For many of us here in Fairfax, "Starbucks" is synonymous with "coffee." But for its part, Starbucks is setting its sights higher. To wit, it recently made its largest-ever acquisition by agreeing to pay $626 million for Teavana.
Teavana, which was founded in Atlanta in 1997, makes prepared tea and sells premium loose-leaf teas and tea equipment, like teapots and teacups. It sells its products through other retailers but also has storefronts in what Starbucks considers to be valuable markets.
This acquisition will help Starbucks gain more traction in the retail world and will likely help it penetrate markets in India and China, where customers prefer tea to coffee.
Over the past few years, Starbucks has made several acquisitions to gain footholds in the markets for pastries, bottled beverages and convenience items. It has also made a bid for customers outside of its stores with products like instant coffee and bagged coffee, which can be purchased at grocery stores and discount retailers like Target. Tellingly, it changed its name from "Starbucks Coffee" to just "Starbucks" last year.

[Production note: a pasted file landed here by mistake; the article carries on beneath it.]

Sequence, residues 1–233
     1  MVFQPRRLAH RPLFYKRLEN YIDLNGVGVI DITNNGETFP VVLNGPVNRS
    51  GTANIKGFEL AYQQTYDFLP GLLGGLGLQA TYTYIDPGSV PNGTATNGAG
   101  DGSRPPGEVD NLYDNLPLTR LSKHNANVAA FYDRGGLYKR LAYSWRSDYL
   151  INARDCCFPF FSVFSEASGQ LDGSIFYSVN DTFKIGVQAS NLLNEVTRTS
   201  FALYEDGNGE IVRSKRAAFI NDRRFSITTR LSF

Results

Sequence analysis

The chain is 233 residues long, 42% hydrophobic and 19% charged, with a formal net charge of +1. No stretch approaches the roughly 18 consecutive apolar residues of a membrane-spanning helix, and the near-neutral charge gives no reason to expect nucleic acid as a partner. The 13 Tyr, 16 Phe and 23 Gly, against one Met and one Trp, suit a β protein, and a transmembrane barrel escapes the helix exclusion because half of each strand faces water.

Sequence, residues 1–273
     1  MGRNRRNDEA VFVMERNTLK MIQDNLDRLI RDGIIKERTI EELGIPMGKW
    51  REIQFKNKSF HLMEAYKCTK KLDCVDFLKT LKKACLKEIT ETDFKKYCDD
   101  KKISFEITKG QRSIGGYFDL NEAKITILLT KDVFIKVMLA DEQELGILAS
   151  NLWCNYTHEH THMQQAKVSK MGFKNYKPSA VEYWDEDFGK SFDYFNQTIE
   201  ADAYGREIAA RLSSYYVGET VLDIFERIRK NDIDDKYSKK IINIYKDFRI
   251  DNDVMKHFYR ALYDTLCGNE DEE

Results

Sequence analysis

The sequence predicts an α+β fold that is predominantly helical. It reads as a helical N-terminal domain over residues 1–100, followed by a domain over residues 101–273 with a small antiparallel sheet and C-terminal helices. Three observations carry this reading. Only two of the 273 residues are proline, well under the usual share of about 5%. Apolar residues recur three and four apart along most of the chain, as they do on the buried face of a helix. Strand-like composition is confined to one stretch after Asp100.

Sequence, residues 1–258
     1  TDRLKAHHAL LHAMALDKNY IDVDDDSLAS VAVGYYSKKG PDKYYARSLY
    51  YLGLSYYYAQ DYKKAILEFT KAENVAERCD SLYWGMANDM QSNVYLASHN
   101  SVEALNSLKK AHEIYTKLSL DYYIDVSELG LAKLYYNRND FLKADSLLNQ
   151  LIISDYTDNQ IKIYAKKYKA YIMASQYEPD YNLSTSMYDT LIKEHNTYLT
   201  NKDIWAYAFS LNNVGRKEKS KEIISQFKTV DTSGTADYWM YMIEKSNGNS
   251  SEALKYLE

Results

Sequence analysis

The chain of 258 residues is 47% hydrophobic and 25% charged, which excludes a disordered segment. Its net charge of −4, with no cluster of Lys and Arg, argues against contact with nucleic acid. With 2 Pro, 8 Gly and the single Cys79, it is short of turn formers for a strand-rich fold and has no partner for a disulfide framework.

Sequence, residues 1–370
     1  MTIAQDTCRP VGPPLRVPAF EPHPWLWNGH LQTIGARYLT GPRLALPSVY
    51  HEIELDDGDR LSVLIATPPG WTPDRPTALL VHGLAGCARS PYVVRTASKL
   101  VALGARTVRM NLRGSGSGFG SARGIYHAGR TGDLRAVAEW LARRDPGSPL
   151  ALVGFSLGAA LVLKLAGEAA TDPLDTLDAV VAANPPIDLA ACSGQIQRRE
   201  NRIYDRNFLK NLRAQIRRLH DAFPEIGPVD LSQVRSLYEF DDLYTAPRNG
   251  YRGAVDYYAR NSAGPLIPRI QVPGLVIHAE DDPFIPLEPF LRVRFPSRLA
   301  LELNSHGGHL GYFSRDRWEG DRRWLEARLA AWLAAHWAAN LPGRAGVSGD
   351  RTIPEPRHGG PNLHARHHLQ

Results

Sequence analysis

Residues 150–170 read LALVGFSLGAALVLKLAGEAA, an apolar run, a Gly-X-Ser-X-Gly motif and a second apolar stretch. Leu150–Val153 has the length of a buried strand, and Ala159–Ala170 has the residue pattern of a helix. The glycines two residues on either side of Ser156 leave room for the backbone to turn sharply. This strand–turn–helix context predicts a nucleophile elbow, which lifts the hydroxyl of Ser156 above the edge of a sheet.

The acquisition of Teavana is expected to be complete by the first quarter of next year.
As this goes to show, acquisitions and mergers can often help companies expand into new markets or take their businesses in new directions. Because of this, they're often very important affairs that must be handled carefully and thoroughly. Mergers and acquisitions are too important to be treated hastily or without care.
Source: The San Francisco Chronicle, "Starbucks Teavan Deal Shows Why It Isn't All About Coffee: Retail," Nov. 15, 2012